Before I worked in recordkeeping I had no idea that organisations had personalities. Not in the sense of corporate culture (open/restrictive, fun/staid etc), but in terms of the legal status of an organisation in respect of its rights and obligations. I've seen this described in several different ways over the years, including as 'legal personality' (or identity) or in reference to 'non natural' or (my favourite) 'incorporeal' persons.

This status can be important when dealing with information compliance issues. For example, in FoI an exemption from disclosure can require a consideration of prejudice (harm) that could be inflicted on an individual, an organisation or a public authority by the release of information.* Where specific terms are used the requirement is to consider prejudice in that context. However, if an exemption concerns prejudice to a 'person', and the exemption on commercial interests in both Scotland and the UK is phrased this way, it is important to remember that the person concerned may not be one with whom you could sit down for dinner.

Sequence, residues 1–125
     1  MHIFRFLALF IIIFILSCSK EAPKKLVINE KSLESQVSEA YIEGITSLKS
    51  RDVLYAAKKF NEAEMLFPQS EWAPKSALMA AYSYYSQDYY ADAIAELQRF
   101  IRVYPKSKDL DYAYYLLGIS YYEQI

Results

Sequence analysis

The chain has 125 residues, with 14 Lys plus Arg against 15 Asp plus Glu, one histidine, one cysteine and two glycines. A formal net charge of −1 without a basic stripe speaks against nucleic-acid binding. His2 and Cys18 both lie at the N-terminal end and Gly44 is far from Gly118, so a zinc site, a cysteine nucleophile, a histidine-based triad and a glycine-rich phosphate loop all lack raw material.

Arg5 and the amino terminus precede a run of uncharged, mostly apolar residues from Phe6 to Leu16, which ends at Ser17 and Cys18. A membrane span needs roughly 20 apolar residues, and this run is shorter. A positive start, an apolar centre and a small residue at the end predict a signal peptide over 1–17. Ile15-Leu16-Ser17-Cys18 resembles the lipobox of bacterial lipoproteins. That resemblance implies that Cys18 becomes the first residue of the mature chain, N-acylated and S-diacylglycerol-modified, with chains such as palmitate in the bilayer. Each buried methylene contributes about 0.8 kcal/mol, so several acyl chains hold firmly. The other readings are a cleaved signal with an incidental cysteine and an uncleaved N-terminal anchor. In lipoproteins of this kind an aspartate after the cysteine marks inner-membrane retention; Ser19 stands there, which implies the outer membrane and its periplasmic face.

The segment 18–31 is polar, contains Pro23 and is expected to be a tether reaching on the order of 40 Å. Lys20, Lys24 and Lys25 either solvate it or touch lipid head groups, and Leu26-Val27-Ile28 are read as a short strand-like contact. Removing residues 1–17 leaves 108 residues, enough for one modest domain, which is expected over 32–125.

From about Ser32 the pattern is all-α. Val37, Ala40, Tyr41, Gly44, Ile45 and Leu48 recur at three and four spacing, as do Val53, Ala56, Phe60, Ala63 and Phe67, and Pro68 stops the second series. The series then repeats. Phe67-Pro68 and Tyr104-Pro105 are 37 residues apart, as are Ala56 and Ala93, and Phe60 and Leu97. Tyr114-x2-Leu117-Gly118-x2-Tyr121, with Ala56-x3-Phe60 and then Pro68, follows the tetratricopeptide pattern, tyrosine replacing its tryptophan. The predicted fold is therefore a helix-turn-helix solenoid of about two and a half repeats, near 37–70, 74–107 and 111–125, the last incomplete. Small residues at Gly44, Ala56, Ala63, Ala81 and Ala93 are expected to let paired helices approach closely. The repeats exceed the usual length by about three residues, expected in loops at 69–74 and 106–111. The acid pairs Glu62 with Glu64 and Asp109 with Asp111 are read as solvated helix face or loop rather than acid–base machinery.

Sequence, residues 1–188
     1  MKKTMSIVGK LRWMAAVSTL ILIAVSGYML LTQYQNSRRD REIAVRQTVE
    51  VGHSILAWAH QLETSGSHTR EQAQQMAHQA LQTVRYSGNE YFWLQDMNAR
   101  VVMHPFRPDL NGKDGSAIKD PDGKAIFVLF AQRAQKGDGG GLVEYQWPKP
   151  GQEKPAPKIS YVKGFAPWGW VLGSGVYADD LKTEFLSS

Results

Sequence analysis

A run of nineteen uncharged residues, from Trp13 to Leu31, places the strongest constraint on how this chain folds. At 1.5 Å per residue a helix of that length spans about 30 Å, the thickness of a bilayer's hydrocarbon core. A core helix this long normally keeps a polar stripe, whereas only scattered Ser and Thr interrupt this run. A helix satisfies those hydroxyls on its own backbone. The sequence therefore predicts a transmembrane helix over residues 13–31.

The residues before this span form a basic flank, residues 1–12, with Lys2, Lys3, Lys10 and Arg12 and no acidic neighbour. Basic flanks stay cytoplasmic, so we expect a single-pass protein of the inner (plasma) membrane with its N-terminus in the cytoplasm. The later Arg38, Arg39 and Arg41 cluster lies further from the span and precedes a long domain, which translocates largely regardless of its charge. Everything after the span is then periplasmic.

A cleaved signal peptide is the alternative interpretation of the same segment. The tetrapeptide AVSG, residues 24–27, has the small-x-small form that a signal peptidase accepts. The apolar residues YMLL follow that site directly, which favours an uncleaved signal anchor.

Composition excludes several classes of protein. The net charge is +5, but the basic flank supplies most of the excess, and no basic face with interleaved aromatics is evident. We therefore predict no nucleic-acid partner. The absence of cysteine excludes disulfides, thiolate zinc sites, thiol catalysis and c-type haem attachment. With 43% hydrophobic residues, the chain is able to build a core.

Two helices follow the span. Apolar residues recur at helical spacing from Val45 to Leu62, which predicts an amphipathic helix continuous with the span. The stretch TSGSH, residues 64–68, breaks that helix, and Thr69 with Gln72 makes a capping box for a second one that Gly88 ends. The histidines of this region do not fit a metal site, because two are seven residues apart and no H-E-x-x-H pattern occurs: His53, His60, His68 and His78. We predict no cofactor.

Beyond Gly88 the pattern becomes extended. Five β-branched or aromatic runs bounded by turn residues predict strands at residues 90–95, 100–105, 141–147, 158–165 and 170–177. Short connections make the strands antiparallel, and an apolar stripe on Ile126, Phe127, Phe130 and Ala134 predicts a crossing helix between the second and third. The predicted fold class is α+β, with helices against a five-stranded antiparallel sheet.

*There are other examples of things that could be the subject of prejudice or harm in the FoI exemptions too. See http://www.legislation.gov.uk/ukpga/2000/36/part/II and http://www.legislation.gov.uk/asp/2002/13/part/2

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